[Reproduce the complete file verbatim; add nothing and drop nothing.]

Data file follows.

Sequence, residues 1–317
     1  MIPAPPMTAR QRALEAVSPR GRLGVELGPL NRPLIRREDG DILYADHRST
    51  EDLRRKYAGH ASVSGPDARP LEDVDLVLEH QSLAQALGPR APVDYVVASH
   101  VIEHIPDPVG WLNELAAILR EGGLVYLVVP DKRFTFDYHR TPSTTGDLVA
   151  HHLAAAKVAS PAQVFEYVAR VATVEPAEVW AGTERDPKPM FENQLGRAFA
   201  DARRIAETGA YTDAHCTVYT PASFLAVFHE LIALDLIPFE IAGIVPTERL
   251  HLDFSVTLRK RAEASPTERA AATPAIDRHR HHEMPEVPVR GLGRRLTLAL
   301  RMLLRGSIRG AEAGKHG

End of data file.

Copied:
Sequence, residues 1–317
     1  MIPAPPMTAR QRALEAVSPR GRLGVELGPL NRPLIRREDG DILYADHRST
    51  EDLRRKYAGH ASVSGPDARP LEDVDLVLEH QSLAQALGPR APVDYVVASH
   101  VIEHIPDPVG WLNELAAILR EGGLVYLVVP DKRFTFDYHR TPSTTGDLVA
   151  HHLAAAKVAS PAQVFEYVAR VATVEPAEVW AGTERDPKPM FENQLGRAFA
   201  DARRIAETGA YTDAHCTVYT PASFLAVFHE LIALDLIPFE IAGIVPTERL
   251  HLDFSVTLRK RAEASPTERA AATPAIDRHR HHEMPEVPVR GLGRRLTLAL
   301  RMLLRGSIRG AEAGKHG